Why Should You Roll Over An Employer 401(k)?

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Switched jobs? Should you keep your previous employer's 401(k) or roll it over? Roll it over -- here's why!

If you've worked a professional job in the private sector for a while, you probably have a 401(k). That's a good way to save up money for retirement, with its tax deferred contributions and, if you're fortunate, employer matching contributions.

You're probably not going to stick with the same employer for your entire career, however. (You're probably not with the same employer you started with either.) If you've switched jobs two or three times over a twenty year career so far, you may have multiple 401(k) accounts with multiple financial service providers. This doesn't have to be the case.

Regardless of any change of job, location, tax status, anything, all the money you've contributed and all the money your employer has contributed on your behalf belongs to you. You may have the right and the opportunity to roll over your 401(k) from previous employers to another plan, including your own self-directed IRA.

The details of this rollover will vary, depending on the destination account, your employment situation, and other factors, but this is a big decision that can go very well for you, if you meet the right criteria. Why would you roll over a 401(k) into an IRA?

More Fund Choices

Available investment choices for employer-sponsored 401(k) programs have improved in the past decade, but you still probably have fewer than a couple of dozen individual funds from which to choose. You may have a target-date fund, a couple of indexed investments, a bond fund, some international possibilities, and a few well-known mixtures.

You don't have access to the entirety of the stock market, or even the entirety of the ETF universe. That's just the nature of employer-sponsored programs. To make them easier to administer, you have a few options.

Some of these options can be good. You can often find a decent index fund and a medium or small-cap fund—but you'll miss out on undervalued stocks, where the opportunities can be much greater.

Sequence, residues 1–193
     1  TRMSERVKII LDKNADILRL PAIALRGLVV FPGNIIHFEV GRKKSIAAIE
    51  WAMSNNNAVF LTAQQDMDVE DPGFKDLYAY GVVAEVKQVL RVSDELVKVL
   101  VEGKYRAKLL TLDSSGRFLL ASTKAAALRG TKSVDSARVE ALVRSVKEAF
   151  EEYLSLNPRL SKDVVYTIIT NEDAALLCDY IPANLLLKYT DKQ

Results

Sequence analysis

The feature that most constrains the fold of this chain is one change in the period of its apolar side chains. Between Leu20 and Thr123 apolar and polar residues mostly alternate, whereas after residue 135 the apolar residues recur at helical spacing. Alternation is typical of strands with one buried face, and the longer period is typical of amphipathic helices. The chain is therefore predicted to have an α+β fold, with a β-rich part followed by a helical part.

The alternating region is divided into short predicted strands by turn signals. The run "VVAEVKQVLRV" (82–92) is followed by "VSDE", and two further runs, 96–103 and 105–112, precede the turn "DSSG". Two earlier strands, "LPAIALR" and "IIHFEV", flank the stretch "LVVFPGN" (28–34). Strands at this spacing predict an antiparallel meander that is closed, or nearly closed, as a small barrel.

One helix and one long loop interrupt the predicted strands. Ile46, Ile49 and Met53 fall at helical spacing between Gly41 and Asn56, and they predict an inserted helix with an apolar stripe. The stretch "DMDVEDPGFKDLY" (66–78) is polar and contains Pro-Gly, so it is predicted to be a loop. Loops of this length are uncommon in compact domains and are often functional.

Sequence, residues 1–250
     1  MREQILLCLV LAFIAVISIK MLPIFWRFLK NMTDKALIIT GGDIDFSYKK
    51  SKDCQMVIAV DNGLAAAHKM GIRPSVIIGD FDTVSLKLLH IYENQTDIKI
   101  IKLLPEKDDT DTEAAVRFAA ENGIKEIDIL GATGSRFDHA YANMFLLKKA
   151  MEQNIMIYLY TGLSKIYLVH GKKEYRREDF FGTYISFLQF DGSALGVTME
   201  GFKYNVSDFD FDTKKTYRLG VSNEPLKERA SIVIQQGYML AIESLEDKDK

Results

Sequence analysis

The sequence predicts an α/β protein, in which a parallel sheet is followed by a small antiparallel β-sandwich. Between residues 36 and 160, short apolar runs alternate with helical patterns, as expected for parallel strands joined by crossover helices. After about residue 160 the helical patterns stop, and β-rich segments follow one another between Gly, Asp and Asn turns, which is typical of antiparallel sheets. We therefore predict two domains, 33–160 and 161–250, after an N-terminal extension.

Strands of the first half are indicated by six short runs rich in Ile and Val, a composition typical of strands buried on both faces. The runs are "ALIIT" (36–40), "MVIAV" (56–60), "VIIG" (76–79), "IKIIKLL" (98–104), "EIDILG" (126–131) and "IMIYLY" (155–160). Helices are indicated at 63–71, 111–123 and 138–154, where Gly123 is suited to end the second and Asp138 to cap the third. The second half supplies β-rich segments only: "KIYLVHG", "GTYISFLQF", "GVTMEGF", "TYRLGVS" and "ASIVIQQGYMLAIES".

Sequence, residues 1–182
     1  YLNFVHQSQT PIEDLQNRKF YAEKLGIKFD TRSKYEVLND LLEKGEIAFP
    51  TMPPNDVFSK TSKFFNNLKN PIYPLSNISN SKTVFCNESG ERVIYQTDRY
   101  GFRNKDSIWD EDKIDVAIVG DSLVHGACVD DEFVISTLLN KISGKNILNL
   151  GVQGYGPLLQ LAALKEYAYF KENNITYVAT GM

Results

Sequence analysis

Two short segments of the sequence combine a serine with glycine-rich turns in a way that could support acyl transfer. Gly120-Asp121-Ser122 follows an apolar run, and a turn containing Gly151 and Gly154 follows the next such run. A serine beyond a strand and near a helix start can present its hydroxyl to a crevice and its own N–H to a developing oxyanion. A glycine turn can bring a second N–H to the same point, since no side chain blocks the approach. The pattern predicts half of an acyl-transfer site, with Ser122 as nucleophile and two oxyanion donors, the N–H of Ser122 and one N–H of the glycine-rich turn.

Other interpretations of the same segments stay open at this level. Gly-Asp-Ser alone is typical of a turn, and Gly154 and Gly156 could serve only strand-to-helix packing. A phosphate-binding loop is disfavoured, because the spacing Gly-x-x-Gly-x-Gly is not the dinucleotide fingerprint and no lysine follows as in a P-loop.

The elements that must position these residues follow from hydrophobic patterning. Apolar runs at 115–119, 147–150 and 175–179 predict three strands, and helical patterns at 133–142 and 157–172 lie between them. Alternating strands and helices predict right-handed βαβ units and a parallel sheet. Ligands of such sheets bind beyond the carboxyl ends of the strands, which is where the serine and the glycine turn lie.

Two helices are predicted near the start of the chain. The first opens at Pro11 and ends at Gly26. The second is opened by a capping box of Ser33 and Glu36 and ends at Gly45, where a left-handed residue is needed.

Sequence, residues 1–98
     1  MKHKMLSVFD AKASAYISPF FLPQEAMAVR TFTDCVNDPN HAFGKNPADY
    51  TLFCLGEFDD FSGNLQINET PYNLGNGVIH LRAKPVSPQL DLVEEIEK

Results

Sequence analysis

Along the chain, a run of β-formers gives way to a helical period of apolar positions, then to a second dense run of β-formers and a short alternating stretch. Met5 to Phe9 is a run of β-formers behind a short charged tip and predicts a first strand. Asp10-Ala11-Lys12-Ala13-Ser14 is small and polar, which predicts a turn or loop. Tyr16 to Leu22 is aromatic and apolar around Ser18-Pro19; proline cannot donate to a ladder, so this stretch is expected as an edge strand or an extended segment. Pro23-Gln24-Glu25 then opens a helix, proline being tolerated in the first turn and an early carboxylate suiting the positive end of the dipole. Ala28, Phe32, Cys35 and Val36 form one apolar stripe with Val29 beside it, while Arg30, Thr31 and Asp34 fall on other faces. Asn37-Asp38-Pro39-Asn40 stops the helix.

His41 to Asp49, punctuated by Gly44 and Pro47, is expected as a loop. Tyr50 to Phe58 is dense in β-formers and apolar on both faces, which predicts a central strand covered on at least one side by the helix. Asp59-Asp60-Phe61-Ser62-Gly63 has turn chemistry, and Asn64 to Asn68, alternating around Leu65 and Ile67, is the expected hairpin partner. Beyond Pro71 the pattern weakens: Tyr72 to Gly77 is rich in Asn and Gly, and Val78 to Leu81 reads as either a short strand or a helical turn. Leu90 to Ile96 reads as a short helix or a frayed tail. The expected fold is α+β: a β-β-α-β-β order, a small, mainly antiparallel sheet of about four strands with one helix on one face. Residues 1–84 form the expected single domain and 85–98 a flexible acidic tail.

Cheaper Fund Choices

In a self-directed IRA with a discount broker, you'll have access to any ETF you can imagine, which lets you pick and choose based on fund costs as well as philosophy and performance. Why pay 0.65% fees for a fund that's an equivalent of a fund with 0.15% fees?

This isn't the biggest advantage, but over decades it can add up.

This point is only strengthened by the fact that some 401(k) providers charge additional fees every quarter.


If you practice portfolio rebalancing, it's easier to do this with one account than several. (If you don't rebalance your portfolio across multiple accounts, having only one account makes it easier to start.

Furthermore, your broker may give you access to additional tools, more trades, lower commissions, and other perks as you have more and more money in your account. $50,000 apiece in five accounts might not buy you much time and attention, but $250,000 in a single account can get you started with additional investment abilities at a brokerage.

Disadvantages of 401(k) Rollover

If you do consider rolling over a 401(k) into your own IRA, do so with caution and intent. If you've never taken out a loan, received employer stock with special distribution instructions, or done anything other than contribute, the process can be easy. Anything special makes the process more difficult, and may incur tax penalties.

A rollover may not always be in your best interest, so this advice works best for self-directed investors who already know how to invest. You may have to spend some time on the phone with your account administrator, working through financial details, only to receive a check in the mail in a couple of weeks that you have to forward elsewhere.

As the linked article argues, paying a separate financial advisor to tell you where to invest your money can rack up additional and unnecessary fees, and end up with you owning funds that will underperform the options you had with your previous employer's plan. Rolling over your 401(k) works far better when you're a confident, self-directed investor.

None of these are reasons never to perform the rollover, but the process isn't always as simple as paying a bill online.

Should You Roll Over Your 401(k)?

For most investors reading this who've already set up their own brokerage accounts, made a few trades, picked some great undervalued stocks, the advantages outweigh the potential negatives. Again, any complicated tax or distribution scenarios can change the situation, so consult with the appropriate professionals to avoid unnecessary and unwanted surprises.

For the novice investor making his or her first steps into gaining more financial control, the advice to invest in simple index funds is still wise. If you can avoid any unwarranted penalties and get access to better/cheaper fund choices and pay less in fees, the advantage may be worth the extra overhead you need to get settled with your own IRA and transfer everything over.

Even if you're a buy-and-forget it investor, who rebalances once a year (if that), the amount of control you have over a single account, with funds or stocks of your choosing, can help you sleep better at night. You know you've invested in exactly what you wanted and are paying exactly what it's worth. That's worth a lot.

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